CHRISTOPHER KIDD: In kind of trying to be responsive to community needs, and in a more holistic way, we have additional elements of this program. One of which is a workforce development component where we’re working with local organizations in the Bayview to recruit, train and hire residents to be drivers for the shuttle service. And we’re partnering with OEWD’s City Drive program to then be able to graduate those drivers into the City Drive program where they can get eligible for a Class B driver’s license, which then opens up the possibility to be a Muni driver. It opens up the possibility to do delivery trucking. That helps us create a pipeline of sustainable, union, high-paying jobs within Bayview-Hunters Point, which is always a real big priority of this community. And we wanted to find a way to directly address that stated need.

MELISSA: All of this makes us wonder why there aren’t neighborhood shuttles all over San Francisco….so we’ve turned to SFMTA Planning Director Maia Small for the answer to that question.

SFMTA PLANNING DIRECTOR MAIA SMALL: There are requests for these kinds of shuttles, but we have a lot of systems in our transit systems, and we need to make sure that we’re supporting what we do and how we do it with what we already have. And so, this is really a unique case. We’re really responding to a particular neighborhood and a history in that neighborhood. You know, one of the things about the shuttle system is that this is very expensive and complicated to run, and so it’s something that would really only be for certain circumstances, and our funding for this particular shuttle is very limited.

MELISSA: We ask Small to elaborate on the history and certain circumstances she mentions.

MAIA SMALL: We really are looking at many of the neighborhoods that are equity priority communities; understanding that there were really big economic and land use challenges that have gone back many, many, many generations. And so there are conditions, and people need to move around and get to community services and their daily life, and that’s just really hard. And those, you know, land use patterns and where people live, it takes a really long time for those things to be made whole. So some of this is the equity of how we do our planning and how our, our neighborhoods are built. So we wanna make sure that we’re using transportation and mobility as a way to serve them while that’s, you know, slowly changing. So this is one way to kind of fill that gap, but in the long term, this should all be knit together with our transit system and with the ways in which we build our mobility systems, in general.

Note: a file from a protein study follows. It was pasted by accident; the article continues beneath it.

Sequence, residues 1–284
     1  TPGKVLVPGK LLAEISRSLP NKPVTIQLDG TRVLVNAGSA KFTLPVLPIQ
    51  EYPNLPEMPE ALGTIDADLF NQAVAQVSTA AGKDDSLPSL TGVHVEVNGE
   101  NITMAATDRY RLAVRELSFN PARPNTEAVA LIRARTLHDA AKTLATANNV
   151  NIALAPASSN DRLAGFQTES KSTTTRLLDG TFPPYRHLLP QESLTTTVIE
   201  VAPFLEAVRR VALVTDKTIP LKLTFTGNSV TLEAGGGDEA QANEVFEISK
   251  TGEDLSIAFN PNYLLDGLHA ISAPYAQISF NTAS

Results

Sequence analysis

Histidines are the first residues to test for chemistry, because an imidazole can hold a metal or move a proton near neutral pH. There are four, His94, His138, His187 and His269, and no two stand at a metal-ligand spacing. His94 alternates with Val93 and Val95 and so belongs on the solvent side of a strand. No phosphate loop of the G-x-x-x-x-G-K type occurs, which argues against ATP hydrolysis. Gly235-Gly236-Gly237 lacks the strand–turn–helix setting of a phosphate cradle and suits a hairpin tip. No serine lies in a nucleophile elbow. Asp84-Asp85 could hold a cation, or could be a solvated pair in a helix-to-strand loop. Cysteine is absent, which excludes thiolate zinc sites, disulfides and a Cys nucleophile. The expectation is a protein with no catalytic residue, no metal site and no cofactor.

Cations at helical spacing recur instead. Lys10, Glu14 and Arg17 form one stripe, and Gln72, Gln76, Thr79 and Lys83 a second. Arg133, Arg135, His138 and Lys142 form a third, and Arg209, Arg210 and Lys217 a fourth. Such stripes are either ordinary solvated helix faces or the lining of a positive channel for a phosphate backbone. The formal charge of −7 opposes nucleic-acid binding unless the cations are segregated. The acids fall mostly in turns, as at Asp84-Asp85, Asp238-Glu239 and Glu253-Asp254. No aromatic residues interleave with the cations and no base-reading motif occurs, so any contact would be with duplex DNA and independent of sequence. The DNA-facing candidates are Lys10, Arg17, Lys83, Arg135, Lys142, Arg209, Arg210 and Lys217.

MELISSA: Once this shuttle starts running a lot of people will be watching, including Supervisor Walton.

SUPERVISOR WALTON: We’re gonna see where people are accessing the shuttle from. We’re gonna see how quick and how efficient the shuttle is. Eh, because a lot of people want to get out of their vehicles. A lot of people want to get out of their cars. With adequate transportation, with on-demand transportation, I think we’ll see uh, a lot of different outcomes in terms of folks getting out of their vehicles, trusting public transportation because, the main thing, they’ll be able to get to where they want to go. And most certainly, we want people out of vehicles so our air can be cleaner, so we have less congestion. On the streets it’s actually safer to have less cars on the streets so we can make sure that, uh, everyone flows and get to the point where we’re not having fatalities on our street, where we’re not having accidents on our street.

MELISSA: Back in the area near Heron’s Head Park, Marianaah…who also is waiting for the 44 bus…tells us she likes the neighborhood shuttle idea.

MARIANAAH: It will help because some people have asthma real bad. Like me, I got asthma real bad.
 
 MELISSA: Gotcha. Okay, so walking a lot’s tough.
 
 MARIANAAH: Yes.

MELISSA: And Temika Blue believes people will use it, including her family.

TEMIKA BLUE: Transportation is always an essential component to one’s livelihood and thrivelihood. You know, I feel like we’ll probably need more than just one shuttle, we’ll probably need a few shuttles that get people in a few different directions.

MELISSA: Thank you for joining us on TAKEN WITH TRANSPORTATION. We’re a production of the San Francisco Municipal Transportation Agency, and you can find the latest episodes at SFMTA.com-slash-Podcast, as well as Apple, Spotify or wherever you listen. And if you want to learn more about the shuttle we’ve discussed in this episode or help us plan the service by taking our survey or attending an event, go to SFMTA.com-slash-Bayview Shuttle for information. Now, on a much more somber note, as this podcast episode was in the final editing stages, we learned of the passing of our friend and colleague Mike Delia. Mike came to the SFMTA almost ten years ago and delighted passengers as an operator known affectionately as Mr. Boston. He spent the last several months working in the Chief of Staff’s Office, the office responsible for this podcast. We will miss you so very much, Mike. Please rest in peace. I’m Melissa Culross. Be well and travel well.